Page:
Today I would like to share the Riding coffee table designed by Emilie Cazin with you. The table is made of white oak and the parts are joint by elastic straps and leather bands. The straps and bands play a decorative over a functional role but give the table an own personality and make the composition as a whole more exciting. The wood and the vibrant red straps give a nice contrast. The table is part of Cazin’s Riding collection which also includes a bench and a storage piece. Cazin closely collaborates with the French furniture company Singularité who provide these, limited edition, furniture pieces.
The details make the difference.
BANK is minimalist money box made of elastic rubber by BIG-GAME design studio. We have featured the Lausanne based studio before. I just love their outspoken, minimalist and colorful products. And like many of their other products BANK has a playfull touch. The usage is simple: slip coins in the slit, press it and turn it upside down to get the coins back. The only downside I see, compared to a ‘traditional’ piggy bank, is that one can retrieve the money back a bit too easily ;). BANK is produced by Praxis, Hong Kong.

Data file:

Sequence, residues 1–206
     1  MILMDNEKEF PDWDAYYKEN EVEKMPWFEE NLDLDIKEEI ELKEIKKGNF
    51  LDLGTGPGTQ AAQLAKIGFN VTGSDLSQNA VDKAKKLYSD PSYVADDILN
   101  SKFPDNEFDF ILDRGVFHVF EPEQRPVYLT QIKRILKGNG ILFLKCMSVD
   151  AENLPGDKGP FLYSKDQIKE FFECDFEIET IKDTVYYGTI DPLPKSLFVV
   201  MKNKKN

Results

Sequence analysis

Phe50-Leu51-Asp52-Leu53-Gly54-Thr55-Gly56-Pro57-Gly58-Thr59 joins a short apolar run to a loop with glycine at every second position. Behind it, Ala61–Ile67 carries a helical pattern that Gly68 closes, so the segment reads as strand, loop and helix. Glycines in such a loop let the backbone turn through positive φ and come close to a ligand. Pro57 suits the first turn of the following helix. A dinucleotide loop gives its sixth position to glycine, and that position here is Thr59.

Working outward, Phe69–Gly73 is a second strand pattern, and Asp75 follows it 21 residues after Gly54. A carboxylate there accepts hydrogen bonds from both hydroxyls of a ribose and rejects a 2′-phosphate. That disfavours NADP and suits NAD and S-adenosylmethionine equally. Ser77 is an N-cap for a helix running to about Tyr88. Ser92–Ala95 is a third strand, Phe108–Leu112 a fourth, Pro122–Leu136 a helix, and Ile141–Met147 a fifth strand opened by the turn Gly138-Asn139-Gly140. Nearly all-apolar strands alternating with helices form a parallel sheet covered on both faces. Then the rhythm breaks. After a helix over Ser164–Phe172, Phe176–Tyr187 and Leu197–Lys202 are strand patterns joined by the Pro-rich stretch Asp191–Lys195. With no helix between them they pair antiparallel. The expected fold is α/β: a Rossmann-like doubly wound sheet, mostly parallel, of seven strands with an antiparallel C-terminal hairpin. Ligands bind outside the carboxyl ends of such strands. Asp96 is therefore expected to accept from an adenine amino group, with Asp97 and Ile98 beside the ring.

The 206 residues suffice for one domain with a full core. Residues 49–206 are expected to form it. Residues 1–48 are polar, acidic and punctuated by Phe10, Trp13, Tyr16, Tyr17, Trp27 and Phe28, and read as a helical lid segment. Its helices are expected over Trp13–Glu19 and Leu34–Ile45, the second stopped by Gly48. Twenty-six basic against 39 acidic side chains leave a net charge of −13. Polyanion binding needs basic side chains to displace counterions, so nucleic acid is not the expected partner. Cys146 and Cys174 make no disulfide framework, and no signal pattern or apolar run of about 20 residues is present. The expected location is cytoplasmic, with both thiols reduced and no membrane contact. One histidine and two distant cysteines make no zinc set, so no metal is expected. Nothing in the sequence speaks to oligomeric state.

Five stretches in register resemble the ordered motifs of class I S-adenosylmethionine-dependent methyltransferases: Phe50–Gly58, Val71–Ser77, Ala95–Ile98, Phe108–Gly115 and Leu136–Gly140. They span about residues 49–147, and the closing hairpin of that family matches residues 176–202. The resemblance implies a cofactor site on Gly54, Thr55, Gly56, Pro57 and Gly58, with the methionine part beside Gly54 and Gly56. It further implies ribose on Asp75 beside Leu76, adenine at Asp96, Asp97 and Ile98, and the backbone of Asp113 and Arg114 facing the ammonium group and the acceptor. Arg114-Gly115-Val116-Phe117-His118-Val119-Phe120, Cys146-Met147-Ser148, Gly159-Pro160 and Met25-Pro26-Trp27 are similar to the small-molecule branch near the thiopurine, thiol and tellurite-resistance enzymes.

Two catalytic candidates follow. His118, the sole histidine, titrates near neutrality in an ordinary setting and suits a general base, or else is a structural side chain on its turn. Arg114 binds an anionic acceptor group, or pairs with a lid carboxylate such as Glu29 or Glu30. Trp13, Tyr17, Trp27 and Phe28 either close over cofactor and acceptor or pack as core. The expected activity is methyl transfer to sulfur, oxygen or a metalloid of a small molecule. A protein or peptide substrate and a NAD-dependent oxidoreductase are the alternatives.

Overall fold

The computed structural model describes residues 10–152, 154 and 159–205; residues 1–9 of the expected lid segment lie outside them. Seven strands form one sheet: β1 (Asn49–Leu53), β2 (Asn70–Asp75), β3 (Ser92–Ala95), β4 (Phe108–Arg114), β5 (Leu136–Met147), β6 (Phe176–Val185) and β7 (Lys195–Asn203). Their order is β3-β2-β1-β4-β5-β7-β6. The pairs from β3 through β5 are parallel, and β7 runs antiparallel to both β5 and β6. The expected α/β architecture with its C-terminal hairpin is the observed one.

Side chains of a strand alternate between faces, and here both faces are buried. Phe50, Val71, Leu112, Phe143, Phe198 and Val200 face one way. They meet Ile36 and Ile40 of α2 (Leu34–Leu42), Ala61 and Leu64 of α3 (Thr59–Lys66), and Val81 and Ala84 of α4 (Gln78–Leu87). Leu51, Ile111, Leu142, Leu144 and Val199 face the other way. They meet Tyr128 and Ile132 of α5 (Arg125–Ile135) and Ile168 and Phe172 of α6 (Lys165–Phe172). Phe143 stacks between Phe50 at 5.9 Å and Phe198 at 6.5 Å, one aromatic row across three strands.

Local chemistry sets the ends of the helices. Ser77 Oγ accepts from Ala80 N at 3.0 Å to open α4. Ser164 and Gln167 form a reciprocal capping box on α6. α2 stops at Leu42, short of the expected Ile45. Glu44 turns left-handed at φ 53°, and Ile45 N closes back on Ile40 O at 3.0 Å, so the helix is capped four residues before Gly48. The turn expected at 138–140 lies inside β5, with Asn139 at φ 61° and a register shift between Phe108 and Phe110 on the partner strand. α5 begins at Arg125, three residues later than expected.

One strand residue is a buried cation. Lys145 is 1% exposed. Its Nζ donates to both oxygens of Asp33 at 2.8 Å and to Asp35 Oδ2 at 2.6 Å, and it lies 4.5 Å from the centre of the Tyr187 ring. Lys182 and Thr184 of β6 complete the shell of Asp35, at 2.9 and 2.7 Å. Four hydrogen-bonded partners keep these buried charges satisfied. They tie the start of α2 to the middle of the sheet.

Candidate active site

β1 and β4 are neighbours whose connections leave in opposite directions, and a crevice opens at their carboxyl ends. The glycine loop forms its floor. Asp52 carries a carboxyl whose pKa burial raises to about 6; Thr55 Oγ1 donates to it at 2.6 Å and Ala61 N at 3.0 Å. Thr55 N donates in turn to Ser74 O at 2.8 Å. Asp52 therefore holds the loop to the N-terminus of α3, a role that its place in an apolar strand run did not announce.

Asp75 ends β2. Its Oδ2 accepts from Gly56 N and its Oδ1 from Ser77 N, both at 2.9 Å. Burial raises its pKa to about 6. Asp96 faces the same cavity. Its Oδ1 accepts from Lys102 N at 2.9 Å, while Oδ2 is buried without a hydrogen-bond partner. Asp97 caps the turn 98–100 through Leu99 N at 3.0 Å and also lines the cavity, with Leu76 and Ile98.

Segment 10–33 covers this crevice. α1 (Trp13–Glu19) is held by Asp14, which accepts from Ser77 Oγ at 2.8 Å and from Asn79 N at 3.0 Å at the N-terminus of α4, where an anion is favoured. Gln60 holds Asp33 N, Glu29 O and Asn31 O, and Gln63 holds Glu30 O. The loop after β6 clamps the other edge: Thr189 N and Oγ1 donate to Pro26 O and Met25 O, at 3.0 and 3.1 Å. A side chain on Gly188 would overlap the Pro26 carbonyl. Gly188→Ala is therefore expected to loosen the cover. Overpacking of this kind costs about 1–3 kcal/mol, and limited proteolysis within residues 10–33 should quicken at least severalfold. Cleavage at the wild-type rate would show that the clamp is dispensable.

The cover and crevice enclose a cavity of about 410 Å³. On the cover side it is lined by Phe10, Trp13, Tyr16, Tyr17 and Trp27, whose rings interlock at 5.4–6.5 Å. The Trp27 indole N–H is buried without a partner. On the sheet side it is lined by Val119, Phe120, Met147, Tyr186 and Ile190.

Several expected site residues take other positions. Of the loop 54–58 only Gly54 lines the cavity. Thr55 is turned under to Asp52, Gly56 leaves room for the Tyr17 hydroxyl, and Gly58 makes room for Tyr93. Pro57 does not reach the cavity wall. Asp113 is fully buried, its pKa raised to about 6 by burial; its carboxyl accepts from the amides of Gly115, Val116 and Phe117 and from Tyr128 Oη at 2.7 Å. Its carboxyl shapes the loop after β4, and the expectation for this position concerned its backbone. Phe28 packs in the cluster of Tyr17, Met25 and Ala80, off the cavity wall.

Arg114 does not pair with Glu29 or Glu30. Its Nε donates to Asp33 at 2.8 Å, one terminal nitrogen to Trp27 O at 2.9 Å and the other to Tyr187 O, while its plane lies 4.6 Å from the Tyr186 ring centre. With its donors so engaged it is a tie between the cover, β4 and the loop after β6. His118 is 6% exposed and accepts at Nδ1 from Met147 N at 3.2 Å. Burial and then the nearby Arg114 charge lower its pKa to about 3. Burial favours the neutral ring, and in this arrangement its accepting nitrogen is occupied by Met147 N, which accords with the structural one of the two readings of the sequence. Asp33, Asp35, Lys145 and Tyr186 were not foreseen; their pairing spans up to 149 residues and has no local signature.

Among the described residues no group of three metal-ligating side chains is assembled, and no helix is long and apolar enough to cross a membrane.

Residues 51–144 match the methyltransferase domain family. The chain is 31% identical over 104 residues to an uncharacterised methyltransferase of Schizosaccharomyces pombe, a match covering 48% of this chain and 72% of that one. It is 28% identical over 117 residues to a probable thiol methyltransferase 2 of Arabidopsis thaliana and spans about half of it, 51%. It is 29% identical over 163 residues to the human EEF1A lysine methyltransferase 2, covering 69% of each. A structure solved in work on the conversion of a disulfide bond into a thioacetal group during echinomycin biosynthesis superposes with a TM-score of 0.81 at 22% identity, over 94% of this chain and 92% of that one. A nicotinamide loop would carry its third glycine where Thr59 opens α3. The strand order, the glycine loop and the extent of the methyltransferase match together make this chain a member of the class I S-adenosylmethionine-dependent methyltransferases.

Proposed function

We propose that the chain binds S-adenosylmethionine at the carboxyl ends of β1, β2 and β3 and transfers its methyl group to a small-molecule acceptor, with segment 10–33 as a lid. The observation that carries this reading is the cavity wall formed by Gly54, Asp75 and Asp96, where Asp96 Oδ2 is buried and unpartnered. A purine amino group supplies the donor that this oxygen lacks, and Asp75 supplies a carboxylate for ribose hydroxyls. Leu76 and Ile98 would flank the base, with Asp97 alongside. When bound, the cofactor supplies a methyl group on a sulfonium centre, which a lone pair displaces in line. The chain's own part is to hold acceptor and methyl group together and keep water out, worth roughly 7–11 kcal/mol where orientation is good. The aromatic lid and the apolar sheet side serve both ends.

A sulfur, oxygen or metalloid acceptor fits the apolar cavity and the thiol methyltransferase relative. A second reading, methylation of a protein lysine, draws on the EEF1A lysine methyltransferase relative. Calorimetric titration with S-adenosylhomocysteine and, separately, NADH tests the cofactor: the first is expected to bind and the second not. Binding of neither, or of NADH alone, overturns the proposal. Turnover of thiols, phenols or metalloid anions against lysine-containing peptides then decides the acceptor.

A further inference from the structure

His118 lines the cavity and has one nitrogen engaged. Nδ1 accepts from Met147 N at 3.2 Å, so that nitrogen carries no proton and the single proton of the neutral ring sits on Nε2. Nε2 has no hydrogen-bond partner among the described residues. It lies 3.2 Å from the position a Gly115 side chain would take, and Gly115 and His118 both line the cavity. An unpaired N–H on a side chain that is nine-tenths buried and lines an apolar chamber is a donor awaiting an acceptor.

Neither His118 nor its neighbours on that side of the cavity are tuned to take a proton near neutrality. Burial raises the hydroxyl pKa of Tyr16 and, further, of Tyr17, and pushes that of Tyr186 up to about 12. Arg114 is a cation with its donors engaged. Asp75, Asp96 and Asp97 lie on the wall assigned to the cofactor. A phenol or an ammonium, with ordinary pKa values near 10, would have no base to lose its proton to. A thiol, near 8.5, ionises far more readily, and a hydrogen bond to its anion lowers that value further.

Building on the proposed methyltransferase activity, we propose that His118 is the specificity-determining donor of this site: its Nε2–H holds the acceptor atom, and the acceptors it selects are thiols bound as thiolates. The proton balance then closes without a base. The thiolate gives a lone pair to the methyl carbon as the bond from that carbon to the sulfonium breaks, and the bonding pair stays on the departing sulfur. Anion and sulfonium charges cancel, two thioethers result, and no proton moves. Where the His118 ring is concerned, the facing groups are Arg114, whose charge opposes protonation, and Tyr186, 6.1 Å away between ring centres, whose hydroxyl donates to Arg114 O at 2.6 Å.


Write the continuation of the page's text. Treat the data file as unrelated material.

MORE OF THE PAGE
During 5 years London based studio Industrial Facility and LaCie worked together on Little Disk Hard Drives. The project covered over 10 product variations, ranging from 1.3” to 2.5” drives, and capacity’s from 30GB to 1TB, leading to a holistic design language. They aimed to liberate the drives of all unnecessary details, and making them more reliable. Some might say the products were too simple – but over time, they created a greater sense of value and relevance for their application. The hard drives, varying sizes and capacity, are small minimalist boxes without joints or hinges. When you remove the cover, an integrated USB cable, sockets, a back-up synchronisation button, adapters and voltage plugs are revealed. Each hard drive is made from ABS Plastic. For the makers it was important that the drives involved no paint in their finishing, resulting in easier recycling of parts, and a more authentic wearing of use over time.
Stockholm based design studio Form Us With Love created this stunning modular hanger named Prosthesis. In medicine a prosthesis is an artificial device extension that replaces a missing. In this coat hanger, the prosthesis unifies all its parts to a beautiful unit for storage of clothes. The hanger, made of wooden modules and a dyed metal joining piece, is manufactured by Malmö based RVW.